Strength of Wil1

Strength of Wil1 - Should you choose one box or two? Less...

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Strength of Will: Normative Issues MORE ON AINSLIE’S CONDITIONALS If I hold out now, I will hold out in the future. If I don’t hold out now, I won’t hold out in the future. Could these give us information about what I am like? Problem: is it accurate information? An extreme case: Newcomb’s problem. A bizarre billionaire offers you a choice: (1) Box A (2) Box A and Box B Box B contains $1000, placed there the night before. Box A either contains $1m, placed there the night before, or else nothing. The billionaire is a brilliant predictor of people’s choices (with a 99.9% success rate). When he decided last night what to place in Box A, he contemplated whether you would choose one box, or both. If he thought that you’d greedily choose both, he placed nothing in Box A. If he thought that you would choose only one, he placed $1m in Box A. But that, of course, was yesterday, and nothing you can do now will affect what is in the boxes.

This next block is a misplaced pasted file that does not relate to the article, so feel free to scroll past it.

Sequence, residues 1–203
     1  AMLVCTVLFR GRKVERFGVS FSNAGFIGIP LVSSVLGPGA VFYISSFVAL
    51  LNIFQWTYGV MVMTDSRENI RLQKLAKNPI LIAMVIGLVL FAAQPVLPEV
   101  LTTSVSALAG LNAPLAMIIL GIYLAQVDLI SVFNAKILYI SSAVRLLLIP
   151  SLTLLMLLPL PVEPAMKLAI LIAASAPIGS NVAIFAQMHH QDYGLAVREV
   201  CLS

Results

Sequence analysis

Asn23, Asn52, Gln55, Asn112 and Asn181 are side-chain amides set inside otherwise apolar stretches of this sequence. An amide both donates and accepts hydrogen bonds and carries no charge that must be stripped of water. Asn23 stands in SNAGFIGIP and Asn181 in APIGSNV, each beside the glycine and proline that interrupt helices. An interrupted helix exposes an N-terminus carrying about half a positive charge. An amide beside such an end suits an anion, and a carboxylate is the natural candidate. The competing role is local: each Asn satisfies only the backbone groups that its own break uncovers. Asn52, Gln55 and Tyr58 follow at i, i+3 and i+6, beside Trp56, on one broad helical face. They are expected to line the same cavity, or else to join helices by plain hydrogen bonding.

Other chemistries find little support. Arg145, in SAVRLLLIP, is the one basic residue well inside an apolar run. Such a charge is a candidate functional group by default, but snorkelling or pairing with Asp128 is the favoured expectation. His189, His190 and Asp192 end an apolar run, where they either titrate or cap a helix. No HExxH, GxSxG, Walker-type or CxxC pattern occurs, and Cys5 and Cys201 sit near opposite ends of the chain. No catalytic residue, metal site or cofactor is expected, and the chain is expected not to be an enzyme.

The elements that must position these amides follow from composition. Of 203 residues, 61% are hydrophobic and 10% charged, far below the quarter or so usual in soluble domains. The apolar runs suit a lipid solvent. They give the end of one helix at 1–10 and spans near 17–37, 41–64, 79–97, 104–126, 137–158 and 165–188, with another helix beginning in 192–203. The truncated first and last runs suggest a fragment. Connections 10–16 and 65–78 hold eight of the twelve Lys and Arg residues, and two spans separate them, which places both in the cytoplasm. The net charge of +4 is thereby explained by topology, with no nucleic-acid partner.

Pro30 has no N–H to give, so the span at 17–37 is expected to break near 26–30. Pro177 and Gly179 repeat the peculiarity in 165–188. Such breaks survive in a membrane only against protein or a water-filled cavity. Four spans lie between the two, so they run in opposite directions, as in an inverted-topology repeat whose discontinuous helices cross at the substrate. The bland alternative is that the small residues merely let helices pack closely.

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Unformatted text preview: Should you choose one box or two? Less extreme: self-signaling behavior. Hardworking Calvinists. People keeping their hands in cold water for longer if that indicates a strong heart (Quattrone and Tversky, 1984). The difficulty is that if they see themselves as self-signaling, they interfere with the very signals that they think are giving them information. But in the temptation resisting case does that matter? There isnt any further state that the behavior is supposed to be evidence of. If someone behaves apparently altruistically because they want to think of themselves as an altruist, then maybe they are not truly an altruist. But if someone refrains from smoking because they want to think of themselves as someone who can refrain from smoking, then they really are refraining from smoking. Compare simple self-presentation behavior....
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